Donor Government Assistance for Family Planning in 2013

Executive Summary
  1. Since 2002, the Joint United Nations Programme on HIV/AIDS (UNAIDS) and the Kaiser Family Foundation have been tracking donor government assistance for HIV in low- and middle-income countries by the donor government members of the Organization for Economic Co-operation and Development’s (OECD) Development Assistance Committee (DAC). For the methodological approach used to monitor donor government spending on HIV see: https://www.kff.org/global-health-policy/report/financing-the-response-to-aids-in-low/.

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  2. Includes funding from 25 DAC member countries and the European Commission (EC); Poland, Slovenia, and the Slovak Republic became DAC members in 2013, but have yet to report Official Development Assistance (ODA) amounts.

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  3. Core contributions by donors to UNFPA are used to support a range of projects for family planning, reproductive health, maternal and newborn health, and HIV by UNFPA; data provided here could not be adjusted to represent an estimated family-planning specific share.

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  4.  In 2013, Finland provided the fourth largest core contribution ($46.8 million) to UNFPA, followed by Denmark.

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  5. The European Commission, Japan, and Korea also made commitments during the London Summit. For this analysis, family planning funding from these donor governments is based on family planning funding amounts reported to the OECD DAC and these donors are included as part of “Other DAC Countries.”

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Report
  1. WHO, Family Planning Fact Sheet, updated May 2013.

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  2. Guttmacher Institute/UNFPA, Adding It Up: Costs and Benefits of Contraceptive Services Estimates for 2012, June 2012.

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  3. UNFPA, Financial Resource Flows for Population Activities Report 2011, 2013.

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  4. Poland, the Slovak Republic, and Slovenia became DAC members in 2013, but had yet to report ODA to the OECD at the time of this analysis.

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  5. OECD, The List of CRS Purpose Codes, 2013.

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  6. A disbursement is the actual release of funds to, or the purchase of goods or services for, a recipient. An enactment represents a budgetary decision that funding will be provided, regardless of the time at which an actual outlays, or disbursement, occurs. Therefore, disbursements in any given year may include funds committed (enacted) in prior years and in some cases, not all funds committed (enacted) during a government fiscal year are disbursed in that year. While most donor governments examined disburse enacted amounts within the same year, the U.S. government does not and may disburse enactments over multiple years. For instance, in FY 2013, U.S. bilateral enacted funding for family planning activities totaled $615.1 million, while disbursements totaled $585 million.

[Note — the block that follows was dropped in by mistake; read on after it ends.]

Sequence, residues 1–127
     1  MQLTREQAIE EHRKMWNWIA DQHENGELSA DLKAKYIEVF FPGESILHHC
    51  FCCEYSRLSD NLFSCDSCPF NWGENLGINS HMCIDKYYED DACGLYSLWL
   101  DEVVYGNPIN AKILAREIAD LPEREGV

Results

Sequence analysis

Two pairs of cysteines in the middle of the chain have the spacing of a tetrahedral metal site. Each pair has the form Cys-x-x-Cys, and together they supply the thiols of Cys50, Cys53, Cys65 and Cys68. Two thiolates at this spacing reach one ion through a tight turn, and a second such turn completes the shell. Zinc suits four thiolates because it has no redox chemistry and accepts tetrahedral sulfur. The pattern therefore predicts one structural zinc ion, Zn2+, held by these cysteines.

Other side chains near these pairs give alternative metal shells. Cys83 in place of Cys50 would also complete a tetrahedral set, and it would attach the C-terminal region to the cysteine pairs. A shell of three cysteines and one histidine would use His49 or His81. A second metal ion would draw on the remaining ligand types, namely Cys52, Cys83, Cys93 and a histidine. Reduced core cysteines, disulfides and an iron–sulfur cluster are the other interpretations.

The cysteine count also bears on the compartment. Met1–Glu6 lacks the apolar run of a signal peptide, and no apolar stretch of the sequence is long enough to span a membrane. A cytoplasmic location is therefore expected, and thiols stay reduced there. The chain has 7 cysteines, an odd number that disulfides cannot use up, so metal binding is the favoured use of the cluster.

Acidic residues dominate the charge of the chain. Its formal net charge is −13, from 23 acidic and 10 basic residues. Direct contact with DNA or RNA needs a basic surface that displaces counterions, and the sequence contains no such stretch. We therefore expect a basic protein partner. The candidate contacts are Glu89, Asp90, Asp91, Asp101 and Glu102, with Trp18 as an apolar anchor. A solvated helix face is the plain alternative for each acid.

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  7. Any contributions to multilateral organizations that were specifically designated by the donor government for family planning activities were included under bilateral funding. For instance, donor government contributions to the Global Programme to Enhance Reproductive Health Commodity Security (GPRHCS) at UNFPA were included as bilateral funding.

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  8. Total core contributions to UNFPA (combined contributions from DAC and Non-DAC donors) reached $460 million in 2013. In addition to core contributions, donors provide non-core funding in support of specific activities implemented by UNFPA (where this funding was provided by donor governments to UNFPA in support of specific family planning activities, it was counted as part of that donor government’s bilateral funding amount).

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  9. In 2013, Finland provided the fourth largest core contribution ($46.8 million) to UNFPA, followed by Denmark.

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  10. At the time of publication, while the analytic team was able to identify specific family planning activities within bilateral programming (except as otherwise noted), it was not able to do so for UNFPA’s core annual funding. To date, UNFPA family planning activities have often been reported as part of broader categories, including reproductive health and maternal and child health, as well as part of larger multisectoral efforts, including those in education, human rights, and capacity building. It is expected that such disaggregation will be available in the future and UNFPA reports that it is currently working to develop such a methodology for doing so.

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